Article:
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Sep 21st
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Santa Cruz News

Town Hall

Supervisor Tony Campos

Why is it necessary to build a new levee for the Pajaro River? What has been your involvement with the 100-Year Flood Protection Project?

The 100-Year Flood Protection project is intended to correct a levee system built on the Pajaro River in 1949 that has been declared inadequate (and proven inadequate as evidenced by the floods of 1955, 1958, 1995, 1997, and 1998) in providing 100-year flood protection for the area.

As a member of the Santa Cruz County Board of Supervisors representing the Fourth District (South County), I am concerned by the property and economic damage another flood will bring to our community. The senior communities of Bay Village and Pajaro Village are adjacent to the levee—as is some of the most bountiful agricultural land in the country. To disregard the threat of another flood is irresponsible. I have participated in meetings with all stakeholders, including holding community meetings to ensure residents are informed of the status of this project. The safety of the residents is important to me.

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Environment

In Slow We Trust

In Slow We Trust

A walk with Dr. Wallace J. Nichols illuminates the Slow Coast Movement, the ‘long now’ and what's really in a name

We all know the area. That long stretch of Highway 1 that weaves along the cliffs, between hills, forests and farmland beginning just north of Santa Cruz at Wilder Ranch and ending south of Half Moon Bay just past San Gregorio. It's a region of undeniable beauty and tangible calm. A place where time seems to move a little slower, perhaps on an older more natural cycle. A certain Dr. Wallace 'J' Nichols, his partner Dana Nichols and other like-minded people in the area are working on keeping it that way.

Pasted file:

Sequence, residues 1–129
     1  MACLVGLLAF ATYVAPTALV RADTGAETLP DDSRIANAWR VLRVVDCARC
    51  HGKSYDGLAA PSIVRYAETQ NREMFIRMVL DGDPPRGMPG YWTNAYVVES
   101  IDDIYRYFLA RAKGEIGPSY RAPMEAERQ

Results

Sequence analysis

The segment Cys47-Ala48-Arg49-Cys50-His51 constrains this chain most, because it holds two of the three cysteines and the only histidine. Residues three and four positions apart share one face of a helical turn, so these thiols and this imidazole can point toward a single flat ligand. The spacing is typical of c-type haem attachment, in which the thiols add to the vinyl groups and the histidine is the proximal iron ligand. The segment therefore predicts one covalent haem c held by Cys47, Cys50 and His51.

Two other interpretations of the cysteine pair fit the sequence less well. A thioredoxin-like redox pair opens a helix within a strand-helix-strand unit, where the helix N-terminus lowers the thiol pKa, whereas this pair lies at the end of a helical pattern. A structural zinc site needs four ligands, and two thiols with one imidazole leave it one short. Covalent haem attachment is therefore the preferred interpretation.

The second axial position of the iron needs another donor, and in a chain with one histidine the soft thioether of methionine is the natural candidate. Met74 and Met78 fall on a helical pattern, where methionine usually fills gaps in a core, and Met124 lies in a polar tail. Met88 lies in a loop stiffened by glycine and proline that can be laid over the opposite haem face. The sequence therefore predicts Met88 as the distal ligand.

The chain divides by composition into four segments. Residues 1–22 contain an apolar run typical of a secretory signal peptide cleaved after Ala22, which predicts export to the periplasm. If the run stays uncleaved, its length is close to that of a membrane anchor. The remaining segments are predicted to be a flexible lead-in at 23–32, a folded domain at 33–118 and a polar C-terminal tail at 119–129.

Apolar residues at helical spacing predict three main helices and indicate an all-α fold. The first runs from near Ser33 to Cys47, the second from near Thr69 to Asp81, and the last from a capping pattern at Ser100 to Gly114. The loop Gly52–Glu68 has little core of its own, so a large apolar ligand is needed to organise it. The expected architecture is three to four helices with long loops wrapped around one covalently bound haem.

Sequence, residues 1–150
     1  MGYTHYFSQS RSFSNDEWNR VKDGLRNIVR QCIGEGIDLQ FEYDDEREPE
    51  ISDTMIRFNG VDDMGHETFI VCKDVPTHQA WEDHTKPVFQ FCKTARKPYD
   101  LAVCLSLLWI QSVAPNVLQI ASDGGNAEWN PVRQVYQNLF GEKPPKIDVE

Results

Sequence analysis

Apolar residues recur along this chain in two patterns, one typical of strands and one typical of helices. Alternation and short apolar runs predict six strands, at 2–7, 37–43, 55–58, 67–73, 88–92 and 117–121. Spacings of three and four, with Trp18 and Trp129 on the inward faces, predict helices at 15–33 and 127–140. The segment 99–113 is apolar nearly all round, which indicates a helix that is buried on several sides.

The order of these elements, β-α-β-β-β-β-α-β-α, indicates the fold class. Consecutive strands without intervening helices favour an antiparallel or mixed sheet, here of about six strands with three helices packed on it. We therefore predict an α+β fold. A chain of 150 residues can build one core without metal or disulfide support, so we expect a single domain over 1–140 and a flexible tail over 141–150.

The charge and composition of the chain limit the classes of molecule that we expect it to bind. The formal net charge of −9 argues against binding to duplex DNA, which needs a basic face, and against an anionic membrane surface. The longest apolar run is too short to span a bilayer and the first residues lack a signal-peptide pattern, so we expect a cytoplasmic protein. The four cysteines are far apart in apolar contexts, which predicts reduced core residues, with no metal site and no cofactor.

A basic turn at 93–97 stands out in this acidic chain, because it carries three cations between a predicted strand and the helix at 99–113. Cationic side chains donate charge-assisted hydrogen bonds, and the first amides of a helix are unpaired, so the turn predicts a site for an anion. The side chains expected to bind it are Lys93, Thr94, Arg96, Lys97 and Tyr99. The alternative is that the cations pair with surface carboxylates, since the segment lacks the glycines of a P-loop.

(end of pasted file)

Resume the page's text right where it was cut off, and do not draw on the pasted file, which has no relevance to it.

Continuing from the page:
"We're lucky here," says Nichols, walking in the crisp morning air along Swanton Road with his black and white Newfoundland, Fisher. "This isn't about rebuilding something, it's about hanging onto it."

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Local News

Insuring the Future

Insuring the Future

Local health program strives to insure county children

Katy Boriack was on maternity leave when she learned that she could not afford to add her newborn son, Ayden, to her health insurance plan. Doing so would increase her monthly payments by more than 400 percent—an impossible cost to absorb—yet her income level exceeded the cut-off for the state’s need-based health plans.

“It is so stressful when you’re working full-time, doing exactly what you’re supposed to be doing, and you still can’t provide for the health and well-being of your child,” says Boriack.

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Local News

Get Back to Work

Get Back to Work

A federally funded program aims to help employers make new hires

By Kimberly Wein The State of California currently has an unemployment rate of 12.5 percent. According to the United States Department of Labor, this is, by far, the highest unemployment rate California has seen since 1976. With similarly sorry states across the country, the federal government has decided to step in and create more jobs that will get people back to work.

Shoreline Workforce Development Services (Shoreline) in conjunction with Goodwill Industries of Santa Cruz, Monterey and San Luis Obispo Counties is pairing employers with those in need of work through the American Recovery and Reinvestment Act’s (ARRA) federally funded stimulus program and Subsidized Employment Training (SET). The federal government is offering approximately $2.3 million to employers that are interested in creating new jobs and hiring new employees that are subject to specific requirements or keeping employees that would otherwise be laid off.

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Local News

Sugar Shock

Sugar Shock

Santa Cruz County has high rates of obesity, diabetes among children and adults

Several years ago, a close friend of mine discovered that she had diabetes. In the weeks leading up to her diagnosis, it became increasingly clear that something was very wrong: she was achy, thirsty, and so bone-tired that she slept for most of every day and still felt fatigued. The day she was diagnosed, she came home lugging a huge garbage bag filled with medical supplies and pamphlets the doctor had given her to help figure out her new lifestyle. It was, to put it mildly, a daunting task. It took her years to fully learn the intricacies of managing her insulin levels and her nutritional needs.